He could have continued his lecture and told the Senator that as a nation we can afford to imitate the daily example of our citizens. The pioneer who seeks a home in the forest first builds a cabin, then a log house, and next a frame house. He does not accuse himself of extravagance. The cabin answered his purposes when he was poor and without family, but when his children multiplied he tore it down and put such material as was worth saving into the log house. This, too, satisfied his wants, but when he began to have neighbors, when roads were opened and friends and strangers began to visit him, he saw that he lacked room and, having become prosperous, he abandoned the log home and for comfort and appearance built a house and barn which excited the admiration of every passer-by.
Looking at the example of every pioneer, as well as the prosperous man of business, the statesman could have informed the Senator that the military policy of an agricultural nation of 3,000,000 people just emerging from the forest, was no policy for a nation extending from ocean to ocean and now numbering more than fifty millions. But bad as is our system it would be unpatriotic to attack it if at the same time no remedy could be suggested. In order that this work may not be misjudged we will first indicate to the reader the chief causes of weakness of our present system, and next will outline the system which ought to replace it.
The causes of the weakness are as follows:
First. The employment of militia and undisciplined troops commanded by generals and officers utterly ignorant of the military art.
Second. Short enlistments from three months to three years, instead of for or during the war.
Third. Reliance upon voluntary enlistments, instead of voluntary enlistments coupled with conscription.
Fourth. The intrusion of the States in military affairs and the consequent waging of all our wars on the theory that we are a confederacy instead of a nation.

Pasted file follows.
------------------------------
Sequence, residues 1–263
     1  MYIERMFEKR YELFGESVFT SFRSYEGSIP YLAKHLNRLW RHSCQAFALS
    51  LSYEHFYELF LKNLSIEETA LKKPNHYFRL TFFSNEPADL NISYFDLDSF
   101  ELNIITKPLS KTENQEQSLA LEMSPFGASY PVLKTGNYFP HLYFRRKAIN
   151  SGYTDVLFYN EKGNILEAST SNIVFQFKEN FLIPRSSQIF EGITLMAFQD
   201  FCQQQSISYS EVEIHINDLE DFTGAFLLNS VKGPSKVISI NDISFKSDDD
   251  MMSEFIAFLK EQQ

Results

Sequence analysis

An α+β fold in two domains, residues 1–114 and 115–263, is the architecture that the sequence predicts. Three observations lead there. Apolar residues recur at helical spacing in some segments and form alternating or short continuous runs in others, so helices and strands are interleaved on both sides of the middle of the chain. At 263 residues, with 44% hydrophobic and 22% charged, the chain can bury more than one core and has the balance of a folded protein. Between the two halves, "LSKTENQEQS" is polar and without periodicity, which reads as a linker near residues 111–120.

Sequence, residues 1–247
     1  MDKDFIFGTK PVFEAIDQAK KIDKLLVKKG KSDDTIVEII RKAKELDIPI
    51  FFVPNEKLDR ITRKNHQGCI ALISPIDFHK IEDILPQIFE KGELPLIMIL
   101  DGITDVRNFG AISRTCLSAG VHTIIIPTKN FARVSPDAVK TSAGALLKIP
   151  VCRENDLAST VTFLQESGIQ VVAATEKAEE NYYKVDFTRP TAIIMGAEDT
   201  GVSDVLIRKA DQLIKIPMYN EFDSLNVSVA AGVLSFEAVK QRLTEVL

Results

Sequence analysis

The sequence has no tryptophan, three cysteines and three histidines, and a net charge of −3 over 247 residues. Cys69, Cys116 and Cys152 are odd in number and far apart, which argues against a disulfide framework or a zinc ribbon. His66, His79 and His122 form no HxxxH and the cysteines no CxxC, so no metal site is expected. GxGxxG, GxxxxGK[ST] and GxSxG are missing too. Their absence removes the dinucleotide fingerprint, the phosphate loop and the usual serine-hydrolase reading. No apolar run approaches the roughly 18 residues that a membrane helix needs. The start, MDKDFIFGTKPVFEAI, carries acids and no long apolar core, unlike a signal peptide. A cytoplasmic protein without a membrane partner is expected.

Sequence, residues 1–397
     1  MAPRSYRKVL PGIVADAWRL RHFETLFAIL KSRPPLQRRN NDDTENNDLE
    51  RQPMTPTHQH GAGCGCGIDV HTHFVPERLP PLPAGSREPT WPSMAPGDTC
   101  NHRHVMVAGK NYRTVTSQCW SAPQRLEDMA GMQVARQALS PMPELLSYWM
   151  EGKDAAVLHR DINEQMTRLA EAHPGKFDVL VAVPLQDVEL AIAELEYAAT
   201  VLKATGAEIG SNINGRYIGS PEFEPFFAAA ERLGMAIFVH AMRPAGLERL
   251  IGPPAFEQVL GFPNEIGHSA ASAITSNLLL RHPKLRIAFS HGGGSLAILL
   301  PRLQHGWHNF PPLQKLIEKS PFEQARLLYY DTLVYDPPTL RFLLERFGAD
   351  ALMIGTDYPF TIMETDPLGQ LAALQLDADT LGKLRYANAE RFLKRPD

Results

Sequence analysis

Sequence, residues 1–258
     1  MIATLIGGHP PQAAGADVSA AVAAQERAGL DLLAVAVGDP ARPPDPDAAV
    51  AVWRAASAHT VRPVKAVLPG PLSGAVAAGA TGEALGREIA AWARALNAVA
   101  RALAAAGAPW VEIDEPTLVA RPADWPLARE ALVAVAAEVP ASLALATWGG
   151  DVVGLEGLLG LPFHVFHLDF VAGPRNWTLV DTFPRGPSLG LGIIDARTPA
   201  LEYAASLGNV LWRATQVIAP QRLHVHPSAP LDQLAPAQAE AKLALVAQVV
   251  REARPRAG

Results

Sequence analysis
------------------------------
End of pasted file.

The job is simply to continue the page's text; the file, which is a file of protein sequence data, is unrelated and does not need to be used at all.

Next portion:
Fifth. Confusing volunteers with militia and surrendering to the States the right to commission officers of volunteers the same as officers of militia.
a By the last census (1900), the population of the United States, exclusive of colonial possessions, Alaska, and Indian Territory, was 75,568,686.-EDITOR.
Sixth. The bounty a national consequence of voluntary enlistments.
Seventh. The failure to appreciate military education, and to distribute trained officers as battalion, regimental, and higher commanders in our volunteer armies.
Eighth. The want of territorial recruitment and regimental depots.
Ninth. The want of post-graduate schools to educate our officers in strategy and the higher principles of the art of war."
Tenth. The assumption of command by the Secretary of War.
First. In time of peace and war the military forces of the country to consist of
The Regular Army,
The Regular Army in time of peace to be organized on the expansive principle and in proportion to the population, not to exceed one thousand in one million.
The National Volunteers to be officered and supported by the Government, to be organized on the expansive principle and to consist in time of peace of one battalion of two hundred men to each Congressional district.
The Militia to be supported exclusively by the States and as a last resort to be used only as intended by the Constitution, namely, to execute the laws, suppress insurrections, and repel invasions.
The author is well aware that in suggesting this system he will be accused of favoring centralization and strong government. This is a charge which he would neither covet nor deny. No soldier in battle ever witnessed the flight of an undisciplined army without wishing for a strong government, but a government no stronger than was designed by the fathers of the Republic.
Founded in the affections of the people, the Constitution in time of danger gives Congress absolute power to raise and support armies and to lay its hands upon every man and every dollar within the territory of the nation.